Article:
The Federal Government is ramping up its rhetoric to ensure the China free trade agreement (FTA) goes ahead.

The union movement is strongly opposed to the deal that it says reduces the requirement to look for Australian workers on new projects, and will allow foreign workers to be taken on with lower language and training standards than before.

Unions are also concerned about investor-state dispute provisions, which could see foreign companies take legal action against local, state or federal governments that enact legislation which damages their profits.

Plain-packaging on cigarettes has been one of the major moves that has angered multinationals, and is already the subject of legal action against Australia. 

Proponents say the unions’ line is tinged with racism and xenophobia.

Speaking from Beijing, Minister for Trade and Investment Andrew Robb said the unions’ opposition to the China-Australia Free Trade Agreement is nothing short of economic sabotage.

“I am here in Beijing with 35 Australian CEOs who are hard at work creating business opportunities that will boost prosperity back home for years to come,” Mr Robb said.

“We have two major deals between Australian and Chinese companies that illustrate the future of our business relationship with China,” Mr Robb said, referring to new agreements between Chinese firms and vitamin supplements manufacturer Blackmores, and beef retailer Sanger Australia.

“In both sectors the FTA delivers lower tariffs for their exports to China, and it just beggars belief that certain union officials would be leading a campaign to white-ant these kinds of opportunities,” Robb said.

“Even the esteemed former Labor leader Bob Hawke has come out in support of the China Free Trade Agreement, so I call on Bill Shorten to stop doing the unions’ bidding and start putting Australia’s future first.”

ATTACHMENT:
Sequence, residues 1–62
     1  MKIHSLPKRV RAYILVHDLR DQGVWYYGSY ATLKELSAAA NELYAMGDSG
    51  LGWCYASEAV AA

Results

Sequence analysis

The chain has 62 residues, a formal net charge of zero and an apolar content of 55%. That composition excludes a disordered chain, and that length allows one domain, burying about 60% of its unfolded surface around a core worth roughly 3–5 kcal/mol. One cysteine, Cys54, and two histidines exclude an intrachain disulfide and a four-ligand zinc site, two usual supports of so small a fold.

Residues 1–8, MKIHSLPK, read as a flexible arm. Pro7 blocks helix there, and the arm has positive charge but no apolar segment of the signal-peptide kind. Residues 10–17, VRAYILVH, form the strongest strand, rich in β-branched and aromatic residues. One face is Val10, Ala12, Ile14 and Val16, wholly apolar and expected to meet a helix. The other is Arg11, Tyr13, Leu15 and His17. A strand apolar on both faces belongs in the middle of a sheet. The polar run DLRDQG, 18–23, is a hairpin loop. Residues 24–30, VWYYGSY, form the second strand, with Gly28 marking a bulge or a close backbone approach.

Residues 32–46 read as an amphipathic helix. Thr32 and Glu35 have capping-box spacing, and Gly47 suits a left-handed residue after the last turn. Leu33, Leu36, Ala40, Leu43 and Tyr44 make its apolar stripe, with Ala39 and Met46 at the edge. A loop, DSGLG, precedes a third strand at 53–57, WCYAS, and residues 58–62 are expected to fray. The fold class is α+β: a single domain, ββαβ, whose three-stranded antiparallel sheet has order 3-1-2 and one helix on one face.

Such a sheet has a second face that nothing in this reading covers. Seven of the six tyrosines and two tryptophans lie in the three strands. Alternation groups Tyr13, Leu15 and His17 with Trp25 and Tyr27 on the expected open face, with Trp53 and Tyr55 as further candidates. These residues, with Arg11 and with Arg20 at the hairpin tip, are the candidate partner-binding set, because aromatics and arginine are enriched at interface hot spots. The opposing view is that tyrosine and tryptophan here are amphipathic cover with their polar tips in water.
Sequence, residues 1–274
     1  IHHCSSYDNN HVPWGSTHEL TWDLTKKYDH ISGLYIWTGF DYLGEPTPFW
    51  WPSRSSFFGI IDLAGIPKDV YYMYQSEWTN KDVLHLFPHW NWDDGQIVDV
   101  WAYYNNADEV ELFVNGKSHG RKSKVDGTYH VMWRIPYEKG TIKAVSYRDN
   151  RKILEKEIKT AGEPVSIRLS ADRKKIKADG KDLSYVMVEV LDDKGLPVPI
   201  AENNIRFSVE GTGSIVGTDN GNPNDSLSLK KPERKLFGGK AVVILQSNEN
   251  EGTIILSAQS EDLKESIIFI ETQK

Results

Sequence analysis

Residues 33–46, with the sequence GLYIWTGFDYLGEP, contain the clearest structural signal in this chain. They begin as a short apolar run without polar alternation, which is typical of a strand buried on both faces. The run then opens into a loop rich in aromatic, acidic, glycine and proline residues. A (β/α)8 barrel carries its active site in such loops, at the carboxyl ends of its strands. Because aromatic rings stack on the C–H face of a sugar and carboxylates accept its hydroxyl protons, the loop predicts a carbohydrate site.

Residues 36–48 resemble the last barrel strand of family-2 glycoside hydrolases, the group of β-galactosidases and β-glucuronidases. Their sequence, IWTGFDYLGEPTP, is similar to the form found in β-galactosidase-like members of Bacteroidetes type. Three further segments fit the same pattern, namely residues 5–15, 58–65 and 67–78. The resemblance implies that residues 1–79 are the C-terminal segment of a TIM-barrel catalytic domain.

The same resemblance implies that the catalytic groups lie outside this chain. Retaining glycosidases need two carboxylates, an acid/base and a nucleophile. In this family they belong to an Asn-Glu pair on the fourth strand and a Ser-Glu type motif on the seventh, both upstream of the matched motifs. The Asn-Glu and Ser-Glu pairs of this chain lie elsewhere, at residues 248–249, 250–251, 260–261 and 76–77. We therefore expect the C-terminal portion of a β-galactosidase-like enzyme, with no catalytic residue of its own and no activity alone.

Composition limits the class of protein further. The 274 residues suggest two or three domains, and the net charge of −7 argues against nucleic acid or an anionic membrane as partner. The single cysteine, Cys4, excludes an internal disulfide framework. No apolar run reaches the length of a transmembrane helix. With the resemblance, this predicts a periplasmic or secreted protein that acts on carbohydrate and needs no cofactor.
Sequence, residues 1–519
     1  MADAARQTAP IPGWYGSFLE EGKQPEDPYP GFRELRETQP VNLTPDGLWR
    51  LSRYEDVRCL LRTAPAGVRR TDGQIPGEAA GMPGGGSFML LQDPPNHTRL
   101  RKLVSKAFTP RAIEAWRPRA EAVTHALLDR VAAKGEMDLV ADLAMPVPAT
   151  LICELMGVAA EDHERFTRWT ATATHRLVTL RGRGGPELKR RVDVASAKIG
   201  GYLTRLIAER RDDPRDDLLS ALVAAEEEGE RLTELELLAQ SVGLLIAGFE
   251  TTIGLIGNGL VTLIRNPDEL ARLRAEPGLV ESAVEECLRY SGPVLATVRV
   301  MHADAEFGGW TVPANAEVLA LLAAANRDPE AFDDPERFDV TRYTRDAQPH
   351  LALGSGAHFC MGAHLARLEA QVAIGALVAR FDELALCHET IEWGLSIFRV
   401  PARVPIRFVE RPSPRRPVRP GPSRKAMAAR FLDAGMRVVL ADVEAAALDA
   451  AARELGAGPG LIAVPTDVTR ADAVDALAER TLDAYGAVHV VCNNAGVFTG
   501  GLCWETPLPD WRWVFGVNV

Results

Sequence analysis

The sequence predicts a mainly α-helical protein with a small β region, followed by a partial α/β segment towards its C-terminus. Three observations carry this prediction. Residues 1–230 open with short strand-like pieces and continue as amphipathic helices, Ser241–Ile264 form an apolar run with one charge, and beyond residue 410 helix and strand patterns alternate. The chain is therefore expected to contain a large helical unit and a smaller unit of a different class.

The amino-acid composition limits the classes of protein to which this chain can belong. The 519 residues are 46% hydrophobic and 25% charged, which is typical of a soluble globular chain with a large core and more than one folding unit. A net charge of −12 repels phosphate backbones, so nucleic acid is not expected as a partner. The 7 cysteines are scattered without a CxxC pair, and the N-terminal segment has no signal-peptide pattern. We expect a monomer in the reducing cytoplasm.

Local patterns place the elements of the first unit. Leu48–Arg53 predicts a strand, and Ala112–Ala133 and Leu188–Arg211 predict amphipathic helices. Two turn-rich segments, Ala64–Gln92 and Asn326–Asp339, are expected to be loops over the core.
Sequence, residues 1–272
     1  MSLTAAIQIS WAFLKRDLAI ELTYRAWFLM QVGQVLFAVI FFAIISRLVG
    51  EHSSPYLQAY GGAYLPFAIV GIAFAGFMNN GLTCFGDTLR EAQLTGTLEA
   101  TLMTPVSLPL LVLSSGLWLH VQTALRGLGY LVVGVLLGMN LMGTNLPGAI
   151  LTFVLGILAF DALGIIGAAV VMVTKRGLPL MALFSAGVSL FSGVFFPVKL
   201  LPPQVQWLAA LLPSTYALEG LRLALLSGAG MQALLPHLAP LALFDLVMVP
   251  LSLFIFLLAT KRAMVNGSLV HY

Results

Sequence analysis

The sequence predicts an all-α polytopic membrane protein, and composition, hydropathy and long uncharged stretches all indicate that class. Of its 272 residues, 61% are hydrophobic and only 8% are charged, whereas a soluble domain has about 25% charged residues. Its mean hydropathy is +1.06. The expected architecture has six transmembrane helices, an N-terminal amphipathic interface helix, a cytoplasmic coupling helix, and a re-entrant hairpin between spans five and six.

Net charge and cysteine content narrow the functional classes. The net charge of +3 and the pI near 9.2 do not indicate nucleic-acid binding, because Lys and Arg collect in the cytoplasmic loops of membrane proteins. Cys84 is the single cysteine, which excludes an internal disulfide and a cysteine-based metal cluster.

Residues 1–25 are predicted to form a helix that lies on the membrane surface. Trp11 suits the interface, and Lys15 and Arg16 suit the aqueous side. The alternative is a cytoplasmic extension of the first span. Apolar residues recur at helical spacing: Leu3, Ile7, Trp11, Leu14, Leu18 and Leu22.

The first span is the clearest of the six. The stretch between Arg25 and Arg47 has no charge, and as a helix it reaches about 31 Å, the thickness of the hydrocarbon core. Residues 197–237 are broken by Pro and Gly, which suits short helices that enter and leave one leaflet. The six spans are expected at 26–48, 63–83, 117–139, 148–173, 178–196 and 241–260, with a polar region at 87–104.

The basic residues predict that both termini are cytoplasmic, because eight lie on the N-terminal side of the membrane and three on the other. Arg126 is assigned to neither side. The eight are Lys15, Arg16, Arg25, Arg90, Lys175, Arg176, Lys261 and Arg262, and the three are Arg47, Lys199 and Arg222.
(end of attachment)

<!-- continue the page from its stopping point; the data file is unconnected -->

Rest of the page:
Finacne Minister Mathias Cormann and Foreign Minister Julie Bishop ran the same line in weekend interviews as well.

Australian Council of Trade Unions national secretary Dave Oliver said in an interview on the weekend that politicians should oppose the deal in its current form.

“My message to Labor, the Senate crossbench and The Greens is they should not be passing this trade deal unless we can get this issue adequately addressed,” he told ABC Insiders.

Mr Oliver called the agreement “a dud deal” that would “allow Chinese companies to bring in labour into this country on projects where they have a stake of 20-odd million dollars at a time when we have unemployment with a six in front of it... in some regions around this country it’s double digit unemployment.”

“People want to try and paint us in this debate as being anti-trade. We’re not anti-trade, but we think that any deal... should have some fairness in it, so if we can address these issues – particularly around the labour market mobility issue – sure, the agreement should go through.

“[But] we’re not convinced that there’s going to be significant net gain... Why would you do a trade deal that allows companies to import labour from overseas at a time when we’ve got 6 per cent unemployment.”